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Human beings have a long-standing relationship with privacy and security. For centuries, we’ve locked our doors, held close our most precious possessions, and been wary of the threats posed by thieves. As time has gone on, our relationship with security has become more complicated as we’ve now got much more to be protective of. As technological advancements in security have got smarter and stronger, so have those looking to compromise it. Cybersecurity Cybersecurity, however, is still incredibly new to humans when we look at the long relationship that we have with security in general. As much as we understand the basics, such as keeping our passwords secure and storing data in safe places, our understanding of cybersecurity as a whole is complicated and so is our understanding of the threats that it protects against. However, the relationship between physical security and cybersecurity is often interlinked. Business leaders may find themselves weighing up the different risks to the physical security of their business. As a result, they implement CCTV into the office space, and alarms are placed on doors to help repel intruders. Importance of cybersecurity But what happens when the data that is collected from such security devices is also at risk of being stolen, and you don’t have to break through the front door of an office to get it? The answer is that your physical security can lose its power to keep your business safe if your cybersecurity is weak. As a result, cybersecurity is incredibly important to empower your physical security. We’ve seen the risks posed by cybersecurity hacks in recent news. Video security company Verkada recently suffered a security breach as malicious attackers obtained access to the contents of many of its live camera feeds, and a recent report by the UK government says two in five UK firms experienced cyberattacks in 2020. Cloud computing – The solution Cloud stores information in data centres located anywhere in the world, and is maintained by a third party Cloud computing offers a solution. The cloud stores your information in data centres located anywhere in the world and is maintained by a third party, such as Claranet. As the data sits on hosted servers, it’s easily accessible while not being at risk of being stolen through your physical device. Here’s why cloud computing can help to ensure that your physical security and the data it holds aren’t compromised. Cloud anxiety It’s completely normal to speculate whether your data is safe when it’s stored within a cloud infrastructure. As we are effectively outsourcing our security by storing our important files on servers we have no control over - and, in some cases, limited understanding of - it’s natural to worry about how vulnerable this is to cyber-attacks. The reality is, the data that you save on the cloud is likely to be a lot safer than that which you store on your device. Cyber hackers can try and trick you into clicking on links that deploy malware or pose as a help desk trying to fix your machine. As a result, they can access your device and if this is where you’re storing important security data, then it is vulnerable. Cloud service providers Cloud service providers offer security that is a lot stronger than the software in the personal computer Cloud service providers offer security that is a lot stronger than the software that is likely in place on your personal computer. Hyperscalers such as Microsoft and Amazon Web Service (AWS) are able to hire countless more security experts than any individual company - save the corporate behemoth - could afford. These major platform owners have culpability for thousands of customers on their cloud and are constantly working to enhance the security of their platforms. The security provided by cloud service providers such as Claranet is an extension of these capabilities. Cloud resistance Cloud servers are located in remote locations that workers don’t have access to. They are also encrypted, which is the process of converting information or data into code to prevent unauthorised access. Additionally, cloud infrastructure providers like ourselves look to regularly update your security to protect against viruses and malware, leaving you free to get on with your work without any niggling worries about your data being at risk from hackers. Data centres Cloud providers provide sophisticated security measures and solutions in the form of firewalls and AI Additionally, cloud providers are also able to provide sophisticated security measures and solutions in the form of firewalls and artificial intelligence, as well as data redundancy, where the same piece of data is held within several separate data centres. This is effectively super-strong backup and recovery, meaning that if a server goes down, you can access your files from a backup server. Empowering physical security with cybersecurity By storing the data gathered by your physical security in the cloud, you're not just significantly reducing the risk of cyber-attacks, but also protecting it from physical threats such as damage in the event of a fire or flood. Rather than viewing your physical and cybersecurity as two different entities, treat them as part of one system: if one is compromised, the other is also at risk. They should work in tandem to keep your whole organisation secure.
The sound of sirens in the distance is commonplace, nowadays. Whether related to a medical emergency or everyday crimes, such as theft, property crimes, and so on, we’re all accustomed to hearing these sirens by now. It is worth noting that many incidents that police respond to take place at night. According to a recent report by the Sleep Judge, more than half of murders, manslaughter, sexual assaults, robberies, aggravated assaults and motor vehicle thefts happen long after the sun has set. To anyone looking to address the round-the-clock security challenge, deploying the most comprehensive surveillance solution is a must, and this means, looking at the instrumental role illumination plays in video capture. Limitations of traditional video surveillance For surveillance cameras relying on video analytics and artificial intelligence (AI) to deliver functionalities such as facial recognition, license plate reading and motion detection, nighttime crimes can pose something of a problem. Without adequate illumination, images from video cameras are grainy and unusable.If surveillance cameras can’t be used to prevent, detect and/or resolve crimes that occur in these areas, the entire security operation is obsolete Without proper lighting, potential criminals and moving objects essentially become indistinguishable, at night, thereby inhibiting even the most advanced security technologies. This limitation of traditional surveillance technology not only hinders immediate police response, but it also stops crime investigations dead in their tracks. Often, without video evidence that is clear and discernible, conviction in a court of law is next to impossible. A common response to this issue is to place security cameras near streetlights or well-lit areas. After all, according to NPR, street lights are effective in deterring crime, as “there are people such as neighbors, pedestrians, or police, to actually see suspicious activity.” However, even if streetside and primary entrances are well lit, the areas that still need most to be surveilled are rear or side doorways shrouded by darkness, unlit back alleys, and so on. If surveillance cameras can’t be used to prevent, detect and resolve crimes that occur in these areas, the entire security operation is obsolete. Best-in-class security solutions must be able to see everything, day and night. A purpose-designed illumination solution Addressing this issue is easier than you might think. Much like a human eye needs some sort of light to “see,” so does video surveillance technology. Integrating external illuminators into a security solution can optimise camera performance exponentially, expanding a camera’s video capture and coverage abilities and ensuring the operation of video analytics, day and night. Opting for an external illuminator allows system integrators to select a device that matches the exact emission range of a camera’s field of view (FOV). The result is an evenly lit visual field, where captured images are clear and effective for security purposes. The two most common options available to integrators include infrared (IR) and white light illuminators. Each technology is built to optimise particular deployments, depending on their needs. Infrared versus white light IR illuminators emit IR light, which is invisible to the human eye and perfect for covert surveillance operations. When cameras need to be able to detect potential threats over long distances, IR illuminators are perfect for the job as they typically have longer emission ranges. IR illuminators are optimal for surveillance operations in license plate recognition, border patrol, safe cities, theme park, and medical sleep lab applications.Cameras deployed without proper illumination are rendered blind, especially at night If an end user needs to implement full-color video analytics for identification purposes, such as facial, object and license plate recognition, white light illuminators are undoubtedly an integrator’s best bet. IR illumination and traditional thermal security cameras, after all, are only able to provide black-and-white images, whereas object recognition software often identifies objects based on their color. White light illuminators installed alongside AI-powered surveillance cameras enable enhanced video image clarity, which, optimises video analytics performance. When customers want to physically deter suspicious activity, deploying white light illuminators is effective. A recent study out of Crime Labs New York found that businesses that deployed visible lights to deter crime “experienced crime rates that were significantly lower,” which “led to a 36 percent reduction in ‘index crimes’”. On top of all this, LED based white lights operate at low running costs and typically have long lifespans, saving end users thousands of dollars a year in energy costs without having to sacrifice surveillance optimisation. External versus built-in illumination Security customers looking to use lighting to deter crime and improve the performance of video surveillance may consider “all-in-one" solutions, as some cameras have LEDs (light emitting diodes) built into them. These LEDs typically encircle the lens and therefore shed light in whatever direction the camera is pointed. However convenient these may seem, built-in illumination can cause problems. First, LEDs built into cameras and next to other electronic components often cause heat to build up, which attracts insects that can trigger motion detection and obstruct a camera’s view. This heat buildup also shortens the LED lights lifespan. Built-in LEDs also tend to create “hot spots” with glare and reflection back into the camera, often because these lights only cover a 30-degree field of view (FOV), even though the average camera’s FOV is 90 degrees. This issue can severely limit a camera’s visibility, essentially rendering those remaining 60 degrees dark and unusable. All in all, when integrating lighting solutions into your security deployment, a cost-effective solution that enhances a camera’s video capture and coverage abilities, are external illuminators because they offer flexible choices of field of view and distances. Best-in-class security solution When it comes to criminal conviction in a court of law, “seeing really is believing.” Cameras deployed without proper illumination are rendered blind, especially at night, just as any security officer would be when patrolling the same unlit area. To guarantee end users the most reliable and highest performing security solution, consider integrating best-in-class illumination into your offerings.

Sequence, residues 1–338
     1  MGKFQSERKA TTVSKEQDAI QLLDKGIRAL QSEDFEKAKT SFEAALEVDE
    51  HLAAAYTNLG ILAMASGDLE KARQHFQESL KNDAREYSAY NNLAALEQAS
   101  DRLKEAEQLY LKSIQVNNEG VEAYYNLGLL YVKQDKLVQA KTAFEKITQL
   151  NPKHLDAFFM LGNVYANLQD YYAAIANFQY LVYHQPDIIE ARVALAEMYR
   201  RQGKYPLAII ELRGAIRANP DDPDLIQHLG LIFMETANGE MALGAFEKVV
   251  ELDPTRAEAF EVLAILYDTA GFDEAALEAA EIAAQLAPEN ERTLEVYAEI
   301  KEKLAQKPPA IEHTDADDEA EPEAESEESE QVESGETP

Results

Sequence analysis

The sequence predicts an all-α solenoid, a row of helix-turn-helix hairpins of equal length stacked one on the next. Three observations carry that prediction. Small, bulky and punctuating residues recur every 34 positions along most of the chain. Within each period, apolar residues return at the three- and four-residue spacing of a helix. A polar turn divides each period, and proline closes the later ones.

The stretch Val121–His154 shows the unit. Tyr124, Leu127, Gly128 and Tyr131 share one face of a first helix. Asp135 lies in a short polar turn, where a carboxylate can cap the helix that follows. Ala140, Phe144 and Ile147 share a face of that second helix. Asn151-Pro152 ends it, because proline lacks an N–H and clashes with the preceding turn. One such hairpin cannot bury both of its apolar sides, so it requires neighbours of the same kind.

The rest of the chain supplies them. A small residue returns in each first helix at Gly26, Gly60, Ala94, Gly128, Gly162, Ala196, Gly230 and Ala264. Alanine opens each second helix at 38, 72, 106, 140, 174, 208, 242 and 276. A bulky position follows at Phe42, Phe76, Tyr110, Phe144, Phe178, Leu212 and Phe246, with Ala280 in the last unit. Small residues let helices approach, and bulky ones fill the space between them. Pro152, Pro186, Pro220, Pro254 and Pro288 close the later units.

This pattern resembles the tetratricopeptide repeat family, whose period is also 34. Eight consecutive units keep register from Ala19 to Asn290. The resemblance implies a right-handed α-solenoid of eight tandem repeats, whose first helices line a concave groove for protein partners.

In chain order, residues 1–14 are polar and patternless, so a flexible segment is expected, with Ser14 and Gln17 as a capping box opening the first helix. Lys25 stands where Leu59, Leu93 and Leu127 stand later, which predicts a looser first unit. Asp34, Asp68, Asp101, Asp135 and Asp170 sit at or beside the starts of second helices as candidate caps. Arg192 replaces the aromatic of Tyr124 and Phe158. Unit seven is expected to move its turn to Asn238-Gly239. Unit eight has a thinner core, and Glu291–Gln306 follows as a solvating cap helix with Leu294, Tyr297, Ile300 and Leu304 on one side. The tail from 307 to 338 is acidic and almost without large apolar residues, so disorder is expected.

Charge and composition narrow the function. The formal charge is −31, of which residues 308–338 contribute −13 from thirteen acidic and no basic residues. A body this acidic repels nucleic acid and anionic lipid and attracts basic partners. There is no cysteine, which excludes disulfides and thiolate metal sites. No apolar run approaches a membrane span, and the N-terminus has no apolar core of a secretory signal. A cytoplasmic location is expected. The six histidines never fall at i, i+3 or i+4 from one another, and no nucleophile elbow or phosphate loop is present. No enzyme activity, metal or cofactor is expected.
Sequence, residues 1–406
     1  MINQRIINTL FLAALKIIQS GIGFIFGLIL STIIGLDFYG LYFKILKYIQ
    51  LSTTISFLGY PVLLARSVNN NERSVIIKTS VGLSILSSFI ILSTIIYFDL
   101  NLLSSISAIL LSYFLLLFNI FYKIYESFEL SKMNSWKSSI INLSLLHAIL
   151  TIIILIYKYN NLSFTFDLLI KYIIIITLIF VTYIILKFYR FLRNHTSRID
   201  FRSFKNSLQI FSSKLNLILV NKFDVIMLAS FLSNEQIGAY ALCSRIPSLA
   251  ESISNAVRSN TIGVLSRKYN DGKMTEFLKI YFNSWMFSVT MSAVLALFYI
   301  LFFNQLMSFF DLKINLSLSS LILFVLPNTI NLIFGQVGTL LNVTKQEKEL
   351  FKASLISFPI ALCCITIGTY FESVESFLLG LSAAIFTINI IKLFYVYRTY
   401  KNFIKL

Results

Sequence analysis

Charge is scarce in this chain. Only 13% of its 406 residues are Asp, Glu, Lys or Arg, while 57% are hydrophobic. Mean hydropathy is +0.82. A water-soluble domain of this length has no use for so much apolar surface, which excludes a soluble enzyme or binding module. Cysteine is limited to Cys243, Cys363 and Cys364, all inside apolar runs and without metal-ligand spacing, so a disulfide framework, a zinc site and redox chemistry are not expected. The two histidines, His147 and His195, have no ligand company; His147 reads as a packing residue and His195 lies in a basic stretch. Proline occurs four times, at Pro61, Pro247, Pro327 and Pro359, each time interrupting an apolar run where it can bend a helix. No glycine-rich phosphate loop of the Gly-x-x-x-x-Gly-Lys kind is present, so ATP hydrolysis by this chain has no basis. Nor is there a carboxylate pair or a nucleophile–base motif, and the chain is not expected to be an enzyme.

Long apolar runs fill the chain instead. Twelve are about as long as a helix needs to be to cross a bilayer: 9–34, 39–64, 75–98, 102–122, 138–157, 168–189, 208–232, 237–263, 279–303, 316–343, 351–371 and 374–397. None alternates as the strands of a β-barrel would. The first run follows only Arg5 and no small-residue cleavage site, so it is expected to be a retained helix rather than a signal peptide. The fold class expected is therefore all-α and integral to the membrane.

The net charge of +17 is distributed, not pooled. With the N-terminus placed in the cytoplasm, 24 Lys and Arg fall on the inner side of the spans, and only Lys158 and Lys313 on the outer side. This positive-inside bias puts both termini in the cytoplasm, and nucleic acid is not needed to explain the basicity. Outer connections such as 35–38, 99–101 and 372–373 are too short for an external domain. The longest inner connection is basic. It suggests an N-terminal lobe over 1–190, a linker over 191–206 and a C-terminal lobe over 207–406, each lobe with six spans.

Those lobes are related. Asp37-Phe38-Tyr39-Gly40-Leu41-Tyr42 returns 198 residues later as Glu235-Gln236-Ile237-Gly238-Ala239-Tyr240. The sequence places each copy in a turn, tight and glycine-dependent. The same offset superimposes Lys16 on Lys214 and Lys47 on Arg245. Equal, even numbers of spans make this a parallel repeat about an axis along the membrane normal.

In today’s market, efficient use of bandwidth and storage is an essential part of maintaining an effective video surveillance system. A video management system’s ability to provide analysis, real time event notifications and crucial image detail is only as a good as the speed and bandwidth of a surveillance network. In the physical security industry, H.264 is the video compression format used by most companies. Some companies also employ H.264 enhancements to compress areas of an image that are irrelevant to the user at a higher ratio within a video stream in order to preserve image quality for more important details like faces, license plates or buildings. The H.265, H.264’s successor, will be increasingly used for compression in the future. Some companies are already using H.265 in their cameras and video management systems, while a host of other manufacturers are certainly preparing for its broader adoption in the years to come. Video compression technologies Reduced bandwidth and storage requirements are the primary benefits of video compression technologies Reduced bandwidth and storage requirements are the primary benefits of video compression technologies. In some cases, H.265 can double the data compression ratio of H.264, while retaining the same quality. Increased compression rate translates into decreased storage requirements on hard drives, less bandwidth usage and fewer switches – all of which reduce overall costs of system ownership. H.265 compression delivers a lower bitrate than H.264, which is relevant to end users and integrators because the lower bitrate reduces strain on hardware and can reduce playback issues. It’s very important that the compression format that is used is supported in all of the different components of a system: cameras, desktop computers on which the VMS is running and the VMS itself. It is also good for end users and integrators to understand the basics of video compression. Having a basic understanding of compression allows users to tweak settings to reduce bandwidth usage even more. Many cameras come with default settings that can be changed to ultimately reduce costs. ONVIF physical security In the physical security industry, ONVIF is working to incorporate into its specifications the use of new formats such as H.265 but is not directly involved in developing the compression standards themselves. With Profile T, the new ONVIF video profile released will employ a new media service that is compression agnostic. This means that it can support new video compression formats, including H.265, as well as new audio compression formats, with the ability to include new video and audio codecs as needed in the future without having to redesign its media service. In the physical security industry, ONVIF is working to incorporate into its specifications the use of new formats such as H.265 Standardisation organisations that are directly addressing new compression standards include the International Telecommunication Union (ITU), the Moving Picture Experts Group (MPEG) and a joint commission of the International Organization for Standardization (ISO)/International Electrotechnical Commission (IEC), which is addressing the coding of audio, picture, multimedia and hypermedia information. Other compression formats on par with H.264 and H.265 are being developed by companies such as Google. H.265 compression formats Using products that employ H.265 compression will reduce costs through bandwidth reduction, as will changing default settings on cameras, which are often conservative. Having a basic understanding of compression formats and how to tweak camera factory default settings also gives integrators the ability to further reduce bandwidth for added costs savings and increased system performance. These enhancements will analyse which parts of an image are most important and adjust local levels of compressions accordingly It is also worth noting that H.265 enhancements will likely be developed by camera manufacturers to further reduce bandwidth, as was the case with H.264. These enhancements will analyze which parts of an image are most important and adjust local levels of compressions accordingly. While H.265 itself is ready for prime time, its value as a tool for IP-based surveillance systems is dependent on support for the codec in all parts of the system – the VMS, server hardware, graphics cards and camera. Though widespread H.265 adoption is predicted, providers of these components are jumping on the H.265 bandwagon at different rates of speed. ONVIF is including support for H.265 in its new video profile, Profile T, because it believes it will become the most widely used compression format and ONVIF recognises the need to anticipate that migration as a future need of the industry. The new media service, which will be implemented with Profile T, will be future-proof in that when new compression formats are released in the future, ONVIF can adopt them very quickly. That flexibility will definitely help integrators.